After all, Fiscal Year 2017 ended just about the time that #MeToo began.

Last week, the Equal Employment Opportunity Commissions released its charge statistics for Fiscal Year 2017, which ran from October 1, 2016 through September 30, 2017.

Charges were down a bit in all categories, but monetary relief was up in LGBT cases and, in sexual harassment cases, was at the highest level since 2010. And, of course, the Harvey Weinstein allegations, which started the #MeToo/#TimesUp movement, had not yet come to light.

In other words, enjoy the slight lull, but brace yourself for FY 2018.

Retaliation was the most common claim in FY 2017, followed by race discrimination, disability discrimination, sex discrimination (all types, including sexual harassment), age discrimination, national origin discrimination, and religious discrimination:

Charges alleging color discrimination, violations of the Equal Pay Act, and genetic discrimination were such a drop in the bucket that I didn't even bother to make you a chart.

For the past few years, the EEOC has been breaking out charges alleging LGBT discrimination. There was actually a slight decrease in LGBT charges during FY 2017:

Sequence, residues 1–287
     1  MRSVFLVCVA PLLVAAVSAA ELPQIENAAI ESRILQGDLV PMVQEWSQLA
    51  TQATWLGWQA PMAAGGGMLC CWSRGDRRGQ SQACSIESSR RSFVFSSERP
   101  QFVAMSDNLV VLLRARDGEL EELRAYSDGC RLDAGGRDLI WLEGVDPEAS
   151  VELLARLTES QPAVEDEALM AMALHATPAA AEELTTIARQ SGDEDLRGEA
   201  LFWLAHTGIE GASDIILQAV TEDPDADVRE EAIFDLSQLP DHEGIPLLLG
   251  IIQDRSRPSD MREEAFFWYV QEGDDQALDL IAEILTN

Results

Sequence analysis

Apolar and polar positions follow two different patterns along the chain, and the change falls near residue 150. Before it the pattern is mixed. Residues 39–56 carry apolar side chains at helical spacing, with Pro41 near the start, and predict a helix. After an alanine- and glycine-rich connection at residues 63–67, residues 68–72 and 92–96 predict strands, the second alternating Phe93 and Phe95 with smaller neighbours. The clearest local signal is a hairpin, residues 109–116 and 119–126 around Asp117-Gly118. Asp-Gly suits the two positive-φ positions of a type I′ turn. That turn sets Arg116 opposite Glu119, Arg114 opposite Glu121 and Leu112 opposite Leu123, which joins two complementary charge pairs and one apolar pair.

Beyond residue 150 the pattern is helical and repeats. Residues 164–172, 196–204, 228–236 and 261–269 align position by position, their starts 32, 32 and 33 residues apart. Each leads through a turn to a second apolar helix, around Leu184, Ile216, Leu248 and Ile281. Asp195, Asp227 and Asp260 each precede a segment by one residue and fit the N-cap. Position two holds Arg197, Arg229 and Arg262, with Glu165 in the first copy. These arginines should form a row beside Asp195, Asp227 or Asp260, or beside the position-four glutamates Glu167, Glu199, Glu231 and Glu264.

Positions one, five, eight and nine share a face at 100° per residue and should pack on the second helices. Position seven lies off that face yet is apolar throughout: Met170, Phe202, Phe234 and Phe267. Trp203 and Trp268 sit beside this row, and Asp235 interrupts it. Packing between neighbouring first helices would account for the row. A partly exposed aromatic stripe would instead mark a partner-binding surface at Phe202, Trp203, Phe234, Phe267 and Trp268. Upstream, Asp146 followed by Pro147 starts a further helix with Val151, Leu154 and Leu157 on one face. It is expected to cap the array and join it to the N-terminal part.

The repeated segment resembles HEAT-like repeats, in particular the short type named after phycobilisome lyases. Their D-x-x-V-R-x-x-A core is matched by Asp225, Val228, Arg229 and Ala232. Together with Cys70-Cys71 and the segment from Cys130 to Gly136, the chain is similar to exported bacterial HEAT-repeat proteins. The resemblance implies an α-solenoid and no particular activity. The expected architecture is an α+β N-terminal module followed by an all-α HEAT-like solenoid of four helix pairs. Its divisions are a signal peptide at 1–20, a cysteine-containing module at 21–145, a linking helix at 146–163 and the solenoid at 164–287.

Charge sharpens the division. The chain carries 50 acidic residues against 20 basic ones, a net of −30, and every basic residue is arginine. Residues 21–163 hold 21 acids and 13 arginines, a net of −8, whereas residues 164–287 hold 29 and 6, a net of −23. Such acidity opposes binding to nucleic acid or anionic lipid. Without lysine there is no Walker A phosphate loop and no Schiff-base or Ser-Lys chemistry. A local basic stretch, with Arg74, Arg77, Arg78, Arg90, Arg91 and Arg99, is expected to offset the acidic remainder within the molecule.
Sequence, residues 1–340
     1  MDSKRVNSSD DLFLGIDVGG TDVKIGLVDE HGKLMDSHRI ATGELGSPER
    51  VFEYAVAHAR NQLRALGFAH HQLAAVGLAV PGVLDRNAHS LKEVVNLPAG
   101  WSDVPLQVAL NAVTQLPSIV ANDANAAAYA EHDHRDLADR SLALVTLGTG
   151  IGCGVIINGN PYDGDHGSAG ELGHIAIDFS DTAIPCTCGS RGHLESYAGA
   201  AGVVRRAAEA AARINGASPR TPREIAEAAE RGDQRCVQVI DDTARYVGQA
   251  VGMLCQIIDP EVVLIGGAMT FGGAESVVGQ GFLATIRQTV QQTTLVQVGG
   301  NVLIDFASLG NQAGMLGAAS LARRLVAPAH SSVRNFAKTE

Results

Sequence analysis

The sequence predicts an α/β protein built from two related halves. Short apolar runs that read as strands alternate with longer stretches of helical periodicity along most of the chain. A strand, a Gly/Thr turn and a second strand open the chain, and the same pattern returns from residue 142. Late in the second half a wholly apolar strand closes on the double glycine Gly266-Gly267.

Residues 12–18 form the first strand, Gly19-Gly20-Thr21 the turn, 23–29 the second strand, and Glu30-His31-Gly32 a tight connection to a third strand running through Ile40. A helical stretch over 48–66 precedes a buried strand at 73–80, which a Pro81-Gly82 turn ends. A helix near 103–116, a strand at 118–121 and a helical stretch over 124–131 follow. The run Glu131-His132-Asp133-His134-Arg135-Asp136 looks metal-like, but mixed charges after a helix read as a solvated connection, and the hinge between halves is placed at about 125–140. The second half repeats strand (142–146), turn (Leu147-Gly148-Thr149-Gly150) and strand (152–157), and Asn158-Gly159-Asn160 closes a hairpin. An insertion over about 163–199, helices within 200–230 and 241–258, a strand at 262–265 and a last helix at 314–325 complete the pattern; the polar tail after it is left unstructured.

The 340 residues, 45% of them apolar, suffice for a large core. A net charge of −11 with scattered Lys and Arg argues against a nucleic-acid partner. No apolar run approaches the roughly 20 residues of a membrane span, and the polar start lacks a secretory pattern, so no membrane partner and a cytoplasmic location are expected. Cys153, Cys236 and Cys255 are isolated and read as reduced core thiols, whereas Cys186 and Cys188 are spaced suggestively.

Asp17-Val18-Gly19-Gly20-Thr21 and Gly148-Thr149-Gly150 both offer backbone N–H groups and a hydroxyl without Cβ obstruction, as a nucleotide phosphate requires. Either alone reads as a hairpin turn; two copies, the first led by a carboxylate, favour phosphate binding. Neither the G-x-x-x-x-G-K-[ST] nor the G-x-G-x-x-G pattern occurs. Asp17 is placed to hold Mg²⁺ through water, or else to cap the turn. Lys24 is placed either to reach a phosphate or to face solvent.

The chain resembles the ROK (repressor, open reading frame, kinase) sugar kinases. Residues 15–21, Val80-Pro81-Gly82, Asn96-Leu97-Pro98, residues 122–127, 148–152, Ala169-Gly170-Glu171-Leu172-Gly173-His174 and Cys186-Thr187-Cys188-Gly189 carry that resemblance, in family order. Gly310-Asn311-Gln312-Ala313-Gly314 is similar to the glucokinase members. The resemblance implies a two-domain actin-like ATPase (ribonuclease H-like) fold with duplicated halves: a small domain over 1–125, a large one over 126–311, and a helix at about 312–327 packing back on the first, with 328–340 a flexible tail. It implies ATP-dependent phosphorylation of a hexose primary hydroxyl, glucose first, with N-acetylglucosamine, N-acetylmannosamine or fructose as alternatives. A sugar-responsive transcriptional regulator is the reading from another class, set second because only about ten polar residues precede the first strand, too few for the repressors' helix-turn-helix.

It's interesting to see how many LGBT charges have resulted in "no cause" determinations, meaning that the EEOC found that there was no discrimination or at least could not determine whether discrimination had actually occurred. However, we need to keep in mind that many of charges are settled before the EEOC makes a determination.

In that regard, note how the amounts of pre-litigation monetary relief obtained in LGBT cases has increased each year:

And, now, the moment you've been waiting for: What happened with sexual harassment charges in FY 2017? They were actually down slightly, but I would expect them to trend back up (maybe way up) in FY 2018.

For a while, sexual harassment charges filed by men were on the increase, but that is trending slightly downward again.

(Sorry about the pink and blue. I am so un-woke.)

As already noted, pre-litigation monetary relief in sexual harassment charges in FY 2017 was at its highest level since 2010, although not dramatically higher than in the past few years. I'll be interested to see what we get in FY 2018.

NOTE: A single charge of discrimination can combine multiple allegations, so these numbers will not add up to 100 percent, with the exception of the male/female breakdown.